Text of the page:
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Less Is More
Aug 13/27, 2012

Pain as a Cause of Agitated Delirium

Author Affiliations

Author Affiliation: Hertzberg Palliative Care Institute, Mount Sinai School of Medicine, New York, New York.

Arch Intern Med. 2012;172(15):1130. doi:10.1001/archinternmed.2012.2088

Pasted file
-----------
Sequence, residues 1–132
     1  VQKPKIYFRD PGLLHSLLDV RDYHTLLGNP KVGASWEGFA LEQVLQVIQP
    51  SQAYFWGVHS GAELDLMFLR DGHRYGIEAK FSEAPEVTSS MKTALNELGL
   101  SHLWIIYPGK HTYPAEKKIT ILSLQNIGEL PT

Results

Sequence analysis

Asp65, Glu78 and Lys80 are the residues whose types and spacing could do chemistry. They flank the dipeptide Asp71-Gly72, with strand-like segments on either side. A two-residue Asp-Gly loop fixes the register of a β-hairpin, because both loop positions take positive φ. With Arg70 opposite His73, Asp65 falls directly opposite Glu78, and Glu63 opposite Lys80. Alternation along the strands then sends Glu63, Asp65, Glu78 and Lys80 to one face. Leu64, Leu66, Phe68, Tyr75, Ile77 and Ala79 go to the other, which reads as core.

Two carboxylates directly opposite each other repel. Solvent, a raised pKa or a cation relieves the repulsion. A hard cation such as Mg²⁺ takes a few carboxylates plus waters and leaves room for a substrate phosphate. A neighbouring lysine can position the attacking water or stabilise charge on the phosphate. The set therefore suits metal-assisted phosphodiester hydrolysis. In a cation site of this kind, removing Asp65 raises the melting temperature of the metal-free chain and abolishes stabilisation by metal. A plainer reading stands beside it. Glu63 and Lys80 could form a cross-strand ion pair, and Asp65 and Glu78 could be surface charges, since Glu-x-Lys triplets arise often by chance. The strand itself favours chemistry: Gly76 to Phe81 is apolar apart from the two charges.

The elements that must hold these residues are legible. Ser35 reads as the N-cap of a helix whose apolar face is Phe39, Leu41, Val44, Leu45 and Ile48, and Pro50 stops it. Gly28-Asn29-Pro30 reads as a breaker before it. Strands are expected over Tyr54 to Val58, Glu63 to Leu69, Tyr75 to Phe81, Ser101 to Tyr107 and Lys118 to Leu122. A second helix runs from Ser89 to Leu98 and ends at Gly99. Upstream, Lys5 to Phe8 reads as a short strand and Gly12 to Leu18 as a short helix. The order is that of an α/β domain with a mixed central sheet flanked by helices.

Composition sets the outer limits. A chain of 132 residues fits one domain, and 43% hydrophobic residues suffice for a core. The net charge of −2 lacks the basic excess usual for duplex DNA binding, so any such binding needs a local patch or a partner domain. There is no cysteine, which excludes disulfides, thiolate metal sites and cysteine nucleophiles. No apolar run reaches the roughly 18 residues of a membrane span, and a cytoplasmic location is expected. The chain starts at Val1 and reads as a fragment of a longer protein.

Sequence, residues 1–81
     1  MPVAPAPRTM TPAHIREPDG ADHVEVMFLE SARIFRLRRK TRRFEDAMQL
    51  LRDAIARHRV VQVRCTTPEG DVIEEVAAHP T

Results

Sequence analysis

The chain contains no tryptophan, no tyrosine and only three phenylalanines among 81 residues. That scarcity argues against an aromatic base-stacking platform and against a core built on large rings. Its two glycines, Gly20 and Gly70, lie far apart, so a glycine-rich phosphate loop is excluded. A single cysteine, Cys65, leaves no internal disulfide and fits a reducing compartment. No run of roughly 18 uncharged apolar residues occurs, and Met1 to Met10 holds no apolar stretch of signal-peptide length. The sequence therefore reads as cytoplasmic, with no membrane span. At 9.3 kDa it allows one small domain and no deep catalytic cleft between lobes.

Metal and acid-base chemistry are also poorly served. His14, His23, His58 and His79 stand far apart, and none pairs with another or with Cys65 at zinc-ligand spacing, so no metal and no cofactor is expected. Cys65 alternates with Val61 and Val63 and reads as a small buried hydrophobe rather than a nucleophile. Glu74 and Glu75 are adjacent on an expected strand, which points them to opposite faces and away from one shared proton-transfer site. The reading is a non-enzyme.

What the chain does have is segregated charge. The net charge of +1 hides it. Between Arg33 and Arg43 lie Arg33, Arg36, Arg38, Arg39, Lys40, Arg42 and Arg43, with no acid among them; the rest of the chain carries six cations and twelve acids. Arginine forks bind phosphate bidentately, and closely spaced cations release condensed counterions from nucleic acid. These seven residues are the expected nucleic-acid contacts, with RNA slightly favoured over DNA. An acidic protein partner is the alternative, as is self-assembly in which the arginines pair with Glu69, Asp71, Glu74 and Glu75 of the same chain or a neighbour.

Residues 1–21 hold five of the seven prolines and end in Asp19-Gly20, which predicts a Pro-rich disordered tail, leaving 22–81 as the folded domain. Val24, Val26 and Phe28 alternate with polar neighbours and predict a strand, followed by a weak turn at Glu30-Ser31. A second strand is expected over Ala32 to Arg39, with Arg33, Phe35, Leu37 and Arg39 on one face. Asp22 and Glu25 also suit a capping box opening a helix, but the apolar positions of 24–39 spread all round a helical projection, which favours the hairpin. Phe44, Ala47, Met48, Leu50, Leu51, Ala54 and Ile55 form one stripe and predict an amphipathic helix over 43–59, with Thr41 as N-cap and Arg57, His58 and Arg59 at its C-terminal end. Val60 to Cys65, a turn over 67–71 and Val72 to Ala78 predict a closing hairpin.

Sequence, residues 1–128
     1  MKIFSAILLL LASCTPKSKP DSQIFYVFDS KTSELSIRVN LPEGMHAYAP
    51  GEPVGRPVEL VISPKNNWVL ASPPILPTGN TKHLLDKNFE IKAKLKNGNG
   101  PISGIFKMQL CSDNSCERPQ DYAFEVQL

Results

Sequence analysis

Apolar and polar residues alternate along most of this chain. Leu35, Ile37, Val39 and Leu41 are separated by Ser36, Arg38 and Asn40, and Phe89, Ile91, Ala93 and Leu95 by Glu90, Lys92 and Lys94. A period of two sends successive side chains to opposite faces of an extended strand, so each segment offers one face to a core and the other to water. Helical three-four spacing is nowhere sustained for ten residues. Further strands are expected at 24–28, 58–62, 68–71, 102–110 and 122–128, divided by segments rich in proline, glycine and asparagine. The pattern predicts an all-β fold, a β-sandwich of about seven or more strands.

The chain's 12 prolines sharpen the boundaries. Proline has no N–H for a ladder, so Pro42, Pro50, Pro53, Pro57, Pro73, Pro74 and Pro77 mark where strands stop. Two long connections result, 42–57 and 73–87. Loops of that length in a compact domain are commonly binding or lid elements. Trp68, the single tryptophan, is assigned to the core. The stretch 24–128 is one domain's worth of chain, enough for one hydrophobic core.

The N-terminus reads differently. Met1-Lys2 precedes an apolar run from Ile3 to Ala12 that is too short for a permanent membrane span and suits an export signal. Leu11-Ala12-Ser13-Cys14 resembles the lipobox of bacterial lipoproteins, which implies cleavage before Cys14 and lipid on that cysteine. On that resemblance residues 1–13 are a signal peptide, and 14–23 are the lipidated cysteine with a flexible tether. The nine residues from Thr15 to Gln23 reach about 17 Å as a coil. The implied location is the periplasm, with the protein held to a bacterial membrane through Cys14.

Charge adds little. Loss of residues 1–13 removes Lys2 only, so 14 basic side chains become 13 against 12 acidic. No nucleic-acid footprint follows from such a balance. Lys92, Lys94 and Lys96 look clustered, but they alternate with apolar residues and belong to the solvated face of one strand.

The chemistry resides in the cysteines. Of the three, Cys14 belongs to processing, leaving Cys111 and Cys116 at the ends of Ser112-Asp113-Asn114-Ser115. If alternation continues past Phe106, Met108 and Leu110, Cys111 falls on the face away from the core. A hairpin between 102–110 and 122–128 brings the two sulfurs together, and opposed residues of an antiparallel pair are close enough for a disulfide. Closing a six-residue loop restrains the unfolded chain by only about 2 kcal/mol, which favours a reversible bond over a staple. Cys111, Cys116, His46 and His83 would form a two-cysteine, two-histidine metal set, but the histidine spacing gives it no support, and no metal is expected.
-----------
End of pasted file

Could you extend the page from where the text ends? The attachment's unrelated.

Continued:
An 85-year-old woman with multiple medical problems, including dementia, coronary artery disease, renal insufficiency, and peripheral vascular disease, was admitted to our hospital with urosepsis. Her hospital course was complicated by the development of dry gangrene of her left foot, Candida sepsis, Clostridium difficile enterocolitis, and multiple deep sacral and trochanteric pressure ulcers. When housestaff asked her son if he wanted us “to do everything,” he always answered yes. She was able to be weaned from the ventilator and was transferred to a medical unit for continued treatment of hospital-acquired C difficile enterocolitis and wound care of her multiple stage 4 ulcers. She underwent 4 surgical debridements under general anesthesia in the operating room over a several-month period but remained persistently febrile despite continuous treatment with broad spectrum antibiotics.